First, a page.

III. Practices and tips to consider
The Report discussed several practices an organization should consider to reduce vulnerability to loss or theft of equipment or data:
- Encrypt sensitive data, especially when transmitting data to other devices or organizations;
- Implement proven and tested data backups, with proven and tested restoration of data;
- Use data loss prevention tools to detect or stop an active threat;
- Implement a mobile device policy supplemented with ongoing user awareness training on securing these devices;
- Require employees to promptly report loss/theft to designated company individuals to terminate access to the device and/or network;
- Maintain a complete, accurate, and current asset inventory of mobile phones and other mobile devices such as laptops and thump drives that contain PHI or PII;
- Encrypt data at rest on mobile devices to be inaccessible to anyone who finds the device; and
- Define a process to remove or destroy sensitive data from every device before it is retired, refurbished, or resold.
The report also discussed the following “Threat Quick Tips”:
1. If you are heading out on a business trip or personal vacation, follow the same, and possibly greater, security procedures as you do in the office. Make sure you know your organization’s policy on removing equipment from the workplace.
2. What to ask?
- Can I travel with my equipment?
- Can I take my equipment offsite to work remotely?
- Are thumb drives or other portable storage devices allowed?
- Is the information on my computer or storage device encrypted?
- Is there a secure virtual private network (VPN) that I can use, along with secure, password-protected Wi-Fi, to log into the network?
3. When to ask?
- As soon as you realize that your device or equipment has been stolen or misplaced, your supervisor and IT security professional should be notified immediately so appropriate measures can be taken to safeguard the data saved on your device or equipment.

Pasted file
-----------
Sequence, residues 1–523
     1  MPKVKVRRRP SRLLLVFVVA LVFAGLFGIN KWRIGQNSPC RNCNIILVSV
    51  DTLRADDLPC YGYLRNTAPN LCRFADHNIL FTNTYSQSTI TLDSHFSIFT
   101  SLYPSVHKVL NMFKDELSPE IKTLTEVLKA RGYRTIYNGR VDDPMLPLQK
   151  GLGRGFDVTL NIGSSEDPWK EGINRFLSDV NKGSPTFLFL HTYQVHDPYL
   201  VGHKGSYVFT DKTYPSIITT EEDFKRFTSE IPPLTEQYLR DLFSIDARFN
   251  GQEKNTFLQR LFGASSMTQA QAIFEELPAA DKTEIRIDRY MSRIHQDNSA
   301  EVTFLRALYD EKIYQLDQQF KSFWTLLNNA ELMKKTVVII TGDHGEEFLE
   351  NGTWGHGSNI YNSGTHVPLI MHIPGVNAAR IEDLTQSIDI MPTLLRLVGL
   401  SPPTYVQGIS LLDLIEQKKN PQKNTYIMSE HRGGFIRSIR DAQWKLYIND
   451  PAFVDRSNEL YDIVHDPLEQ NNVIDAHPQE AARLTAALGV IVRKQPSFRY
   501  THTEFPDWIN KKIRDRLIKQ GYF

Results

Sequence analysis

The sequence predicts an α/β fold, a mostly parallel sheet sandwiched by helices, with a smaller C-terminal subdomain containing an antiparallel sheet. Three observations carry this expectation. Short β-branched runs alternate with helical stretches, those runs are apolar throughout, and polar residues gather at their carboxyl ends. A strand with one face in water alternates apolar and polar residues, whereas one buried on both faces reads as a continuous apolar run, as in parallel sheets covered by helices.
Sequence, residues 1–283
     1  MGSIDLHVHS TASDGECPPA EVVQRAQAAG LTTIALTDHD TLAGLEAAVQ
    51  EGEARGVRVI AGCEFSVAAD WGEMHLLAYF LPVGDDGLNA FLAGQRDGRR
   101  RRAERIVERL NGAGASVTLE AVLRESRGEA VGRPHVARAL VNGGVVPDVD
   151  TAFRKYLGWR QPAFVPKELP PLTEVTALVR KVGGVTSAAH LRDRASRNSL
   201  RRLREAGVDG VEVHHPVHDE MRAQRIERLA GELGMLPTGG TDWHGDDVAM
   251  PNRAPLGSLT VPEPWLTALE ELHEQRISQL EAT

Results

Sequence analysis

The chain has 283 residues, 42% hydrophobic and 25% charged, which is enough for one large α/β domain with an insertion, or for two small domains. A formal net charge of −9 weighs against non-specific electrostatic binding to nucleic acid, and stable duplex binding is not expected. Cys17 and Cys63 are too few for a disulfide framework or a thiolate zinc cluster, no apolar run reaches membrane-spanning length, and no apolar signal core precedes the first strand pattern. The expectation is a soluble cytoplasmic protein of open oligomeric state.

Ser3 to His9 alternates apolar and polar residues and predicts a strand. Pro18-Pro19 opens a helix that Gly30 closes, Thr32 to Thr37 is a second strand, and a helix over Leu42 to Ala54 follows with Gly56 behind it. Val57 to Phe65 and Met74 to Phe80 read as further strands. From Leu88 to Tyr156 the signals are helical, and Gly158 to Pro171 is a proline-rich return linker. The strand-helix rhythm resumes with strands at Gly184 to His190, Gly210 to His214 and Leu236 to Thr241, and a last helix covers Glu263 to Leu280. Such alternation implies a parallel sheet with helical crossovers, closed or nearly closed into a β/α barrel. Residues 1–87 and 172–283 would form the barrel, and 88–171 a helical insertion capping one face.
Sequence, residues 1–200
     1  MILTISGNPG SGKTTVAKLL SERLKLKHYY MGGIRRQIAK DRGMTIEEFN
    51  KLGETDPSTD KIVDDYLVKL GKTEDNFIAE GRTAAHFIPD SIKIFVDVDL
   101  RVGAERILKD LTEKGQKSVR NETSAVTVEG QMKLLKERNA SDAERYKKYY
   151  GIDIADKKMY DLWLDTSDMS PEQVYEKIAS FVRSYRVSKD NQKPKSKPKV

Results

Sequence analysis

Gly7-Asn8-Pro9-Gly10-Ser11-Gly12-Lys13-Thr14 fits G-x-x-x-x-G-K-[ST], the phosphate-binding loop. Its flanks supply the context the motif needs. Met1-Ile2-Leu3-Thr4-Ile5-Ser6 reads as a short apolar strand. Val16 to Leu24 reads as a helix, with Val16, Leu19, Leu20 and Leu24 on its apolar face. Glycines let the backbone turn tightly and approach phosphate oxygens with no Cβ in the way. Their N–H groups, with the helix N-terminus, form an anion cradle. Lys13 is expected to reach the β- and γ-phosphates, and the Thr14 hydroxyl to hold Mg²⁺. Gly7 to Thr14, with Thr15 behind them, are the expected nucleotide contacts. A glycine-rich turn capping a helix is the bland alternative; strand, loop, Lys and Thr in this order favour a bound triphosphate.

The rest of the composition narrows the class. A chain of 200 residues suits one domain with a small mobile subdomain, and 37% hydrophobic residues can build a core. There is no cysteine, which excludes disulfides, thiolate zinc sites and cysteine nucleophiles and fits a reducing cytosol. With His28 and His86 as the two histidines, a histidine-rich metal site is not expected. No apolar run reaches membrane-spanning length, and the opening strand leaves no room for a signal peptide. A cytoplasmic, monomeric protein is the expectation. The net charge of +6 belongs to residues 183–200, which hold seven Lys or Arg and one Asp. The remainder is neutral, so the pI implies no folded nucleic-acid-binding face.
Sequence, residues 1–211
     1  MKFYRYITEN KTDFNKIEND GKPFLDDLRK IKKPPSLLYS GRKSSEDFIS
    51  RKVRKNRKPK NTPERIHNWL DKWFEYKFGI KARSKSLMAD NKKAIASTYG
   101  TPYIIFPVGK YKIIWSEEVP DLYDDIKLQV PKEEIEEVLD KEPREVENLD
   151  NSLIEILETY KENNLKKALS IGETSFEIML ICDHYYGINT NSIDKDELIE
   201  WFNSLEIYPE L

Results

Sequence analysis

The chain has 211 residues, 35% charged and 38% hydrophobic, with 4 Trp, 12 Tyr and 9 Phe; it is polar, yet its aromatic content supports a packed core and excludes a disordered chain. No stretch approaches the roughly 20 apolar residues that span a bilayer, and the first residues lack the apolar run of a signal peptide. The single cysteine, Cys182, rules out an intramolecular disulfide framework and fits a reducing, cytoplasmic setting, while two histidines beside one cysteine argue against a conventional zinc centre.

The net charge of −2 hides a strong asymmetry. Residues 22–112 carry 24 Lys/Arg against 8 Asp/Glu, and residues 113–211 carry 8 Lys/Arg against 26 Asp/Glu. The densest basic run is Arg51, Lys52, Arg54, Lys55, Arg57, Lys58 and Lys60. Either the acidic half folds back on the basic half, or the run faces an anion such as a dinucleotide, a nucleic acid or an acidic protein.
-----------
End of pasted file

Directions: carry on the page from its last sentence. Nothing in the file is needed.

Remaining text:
4. Who to ask?
- Your IT security support staff or similar point of contact should be notified when a work device or equipment has been misplaced, lost, or stolen. The data saved on them is now compromised and susceptible to unauthorized access, dissemination, and use. This is a serious cyber breach and should be handled by trained IT security professionals.
The threat of loss or theft of equipment or data is one of the most dangerous, but probably easiest to prevent. With proper data encryption, strong physical security practices, simple safeguards, and awareness training, healthcare organizations can easily protect themselves from this type of attack.
More information on activities to prepare and respond to a data loss can be found in NIST Special Publication 800-184 – Guide to Cybersecurity Event Recovery.
More information on proper sanitization and destruction of data prior to disposal of devices can be found in NIST Special Publication 800-88, Revision 1, Guidelines for Media Sanitation.
Our next article will discuss another common cyberattack threatening the healthcare industry: Insiders causing accidental or intentional data loss.Follow us on for more content updates